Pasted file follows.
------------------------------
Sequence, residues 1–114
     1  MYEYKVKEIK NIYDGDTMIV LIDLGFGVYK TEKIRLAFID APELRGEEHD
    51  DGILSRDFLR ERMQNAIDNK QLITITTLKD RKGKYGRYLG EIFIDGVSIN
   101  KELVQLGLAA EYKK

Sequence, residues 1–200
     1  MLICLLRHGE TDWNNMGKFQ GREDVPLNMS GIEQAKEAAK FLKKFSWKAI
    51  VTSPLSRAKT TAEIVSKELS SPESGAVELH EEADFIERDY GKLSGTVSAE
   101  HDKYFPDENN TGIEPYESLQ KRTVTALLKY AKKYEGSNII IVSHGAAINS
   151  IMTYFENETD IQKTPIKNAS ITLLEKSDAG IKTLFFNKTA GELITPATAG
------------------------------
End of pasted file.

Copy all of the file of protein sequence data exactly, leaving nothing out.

Sequence, residues 1–114
     1  MYEYKVKEIK NIYDGDTMIV LIDLGFGVYK TEKIRLAFID APELRGEEHD
    51  DGILSRDFLR ERMQNAIDNK QLITITTLKD RKGKYGRYLG EIFIDGVSIN
   101  KELVQLGLAA EYKK

Sequence, residues 1–200
     1  MLICLLRHGE TDWNNMGKFQ GREDVPLNMS GIEQAKEAAK FLKKFSWKAI
    51  VTSPLSRAKT TAEIVSKELS SPESGAVELH EEADFIERDY GKLSGTVSAE
   101  HDKYFPDENN TGIEPYESLQ KRTVTALLKY AKKYEGSNII IVSHGAAINS
   151  IMTYFENETD IQKTPIKNAS ITLLEKSDAG IKTLFFNKTA GELITPATAG